Notes

[1] The book was originally published in 1932  with the following title: ‘The International Style: Architecture Since 1922’; it presents the emergence and development of a new style of architecture in the first decades of the past century; this new style, or ‘international style’, has characterized the beginning of the modern epoch in architecture. For the present article, I have used the 1966 edition of the book.

[2] Henry-Russell Hitchcock and Philip Johnson, The International Style, New York: The Norton Library, 1966.  With respect to the original 1932 edition of the book,  the 1966 edition is complemented by a Foreword to the new edition and an Appendix consisting of an article written by Hitchcock himself, in 1951, for the magazine  Architectural Record, in which — the author says — he made a series of quotations and comments to the old edition ‘in the light of developments in modern architecture over the ensuing twenty-years’ (see Appendix, page 237).

[3] Ibid., 13.

[4] Ibid., 13.

[5] Literally, there is also the possibility to interpret the expression ‘volume—space’ in the phrase ‘emphasis upon volume—space enclosed…’ as one single hyphenated entity (e.g. something analogous to the expression ‘space—time’) and not as the link between two coordinate propositions, but the fundamental question concerning the linguistic ambiguity between volume and space remains.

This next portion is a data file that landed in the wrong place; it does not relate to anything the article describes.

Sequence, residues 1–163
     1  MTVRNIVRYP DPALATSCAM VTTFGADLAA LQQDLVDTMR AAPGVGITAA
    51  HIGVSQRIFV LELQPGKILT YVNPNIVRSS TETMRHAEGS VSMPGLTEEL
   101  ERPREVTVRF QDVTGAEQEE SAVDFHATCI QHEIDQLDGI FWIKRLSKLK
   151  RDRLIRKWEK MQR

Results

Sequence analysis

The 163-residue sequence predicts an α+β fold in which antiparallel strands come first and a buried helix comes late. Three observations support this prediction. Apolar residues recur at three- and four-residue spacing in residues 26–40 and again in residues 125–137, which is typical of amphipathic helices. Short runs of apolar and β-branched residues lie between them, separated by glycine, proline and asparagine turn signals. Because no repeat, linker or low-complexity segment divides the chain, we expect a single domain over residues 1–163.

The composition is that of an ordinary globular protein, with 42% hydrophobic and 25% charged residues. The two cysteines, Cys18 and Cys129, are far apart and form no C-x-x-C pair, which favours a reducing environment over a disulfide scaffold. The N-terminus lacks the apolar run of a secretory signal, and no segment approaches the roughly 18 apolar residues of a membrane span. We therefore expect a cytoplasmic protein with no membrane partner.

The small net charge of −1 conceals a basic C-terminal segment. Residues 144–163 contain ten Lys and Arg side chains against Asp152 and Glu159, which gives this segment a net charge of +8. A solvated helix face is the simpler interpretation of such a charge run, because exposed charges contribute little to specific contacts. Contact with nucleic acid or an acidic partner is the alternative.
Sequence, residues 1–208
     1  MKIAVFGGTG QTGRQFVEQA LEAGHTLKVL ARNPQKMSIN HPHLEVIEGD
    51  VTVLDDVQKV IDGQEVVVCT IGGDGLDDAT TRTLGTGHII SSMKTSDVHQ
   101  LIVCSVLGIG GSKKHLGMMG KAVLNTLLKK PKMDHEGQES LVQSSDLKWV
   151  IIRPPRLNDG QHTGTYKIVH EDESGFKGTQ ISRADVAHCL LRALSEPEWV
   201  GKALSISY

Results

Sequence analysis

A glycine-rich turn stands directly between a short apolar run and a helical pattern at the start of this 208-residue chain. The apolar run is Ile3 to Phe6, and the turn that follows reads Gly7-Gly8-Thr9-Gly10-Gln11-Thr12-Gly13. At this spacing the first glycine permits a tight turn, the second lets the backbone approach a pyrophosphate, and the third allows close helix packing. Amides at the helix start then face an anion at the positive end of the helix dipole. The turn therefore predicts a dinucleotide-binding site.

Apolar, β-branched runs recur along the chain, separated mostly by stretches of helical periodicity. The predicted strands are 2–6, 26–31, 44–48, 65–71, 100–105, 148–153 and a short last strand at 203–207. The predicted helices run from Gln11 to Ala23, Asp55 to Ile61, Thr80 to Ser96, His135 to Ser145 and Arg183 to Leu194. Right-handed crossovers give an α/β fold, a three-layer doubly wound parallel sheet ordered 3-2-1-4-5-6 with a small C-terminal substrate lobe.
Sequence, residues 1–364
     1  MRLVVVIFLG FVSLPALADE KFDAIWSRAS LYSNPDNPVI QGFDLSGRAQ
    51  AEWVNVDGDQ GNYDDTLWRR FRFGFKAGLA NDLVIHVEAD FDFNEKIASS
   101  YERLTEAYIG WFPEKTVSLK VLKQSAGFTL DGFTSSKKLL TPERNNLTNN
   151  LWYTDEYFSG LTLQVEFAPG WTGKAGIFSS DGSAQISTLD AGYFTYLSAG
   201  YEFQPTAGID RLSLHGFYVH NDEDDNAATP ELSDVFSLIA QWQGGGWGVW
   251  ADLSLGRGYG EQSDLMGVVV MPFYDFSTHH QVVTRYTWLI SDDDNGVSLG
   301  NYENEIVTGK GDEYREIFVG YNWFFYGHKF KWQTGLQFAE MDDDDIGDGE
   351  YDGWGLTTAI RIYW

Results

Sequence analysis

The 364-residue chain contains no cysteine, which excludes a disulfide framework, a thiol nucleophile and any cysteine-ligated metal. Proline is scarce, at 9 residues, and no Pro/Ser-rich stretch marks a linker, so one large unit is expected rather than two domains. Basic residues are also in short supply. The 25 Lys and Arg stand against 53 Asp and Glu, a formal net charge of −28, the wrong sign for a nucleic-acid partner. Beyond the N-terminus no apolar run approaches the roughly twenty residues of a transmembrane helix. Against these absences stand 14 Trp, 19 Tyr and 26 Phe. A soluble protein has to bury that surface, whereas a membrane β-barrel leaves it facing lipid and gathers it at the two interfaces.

[6] Ibid., 17.

[7] This is the original 1903 French quotation: ‘Dans la lute qui se poursuit entre les deux elements de la construction, le plein et le vide, tout porte à croire que le vide doit l’emporter, que les palais et les maisons de l’avenir, du moins dans nos climats, seront inondes d’air et de lumiere…’, in Salomon Reinach, Apollo: Histoire Générale des Arts Plastiques (Paris: Librarie Hachette, 1903), 115.

[8] The International Style, 42.

[9] Ibid., 56.

[10] Ibid., 64.

[11] Ibid., 67.

[12] Ibid., 75.

[13] Ibid., 161.

[14] Ibid., 183.

[15] The Oxford Classical Dictionary, edited by S. Hornblower and A. Spawforth, Fourth Edition, Volume II. (Oxford: Oxford University Press, 2012), 917.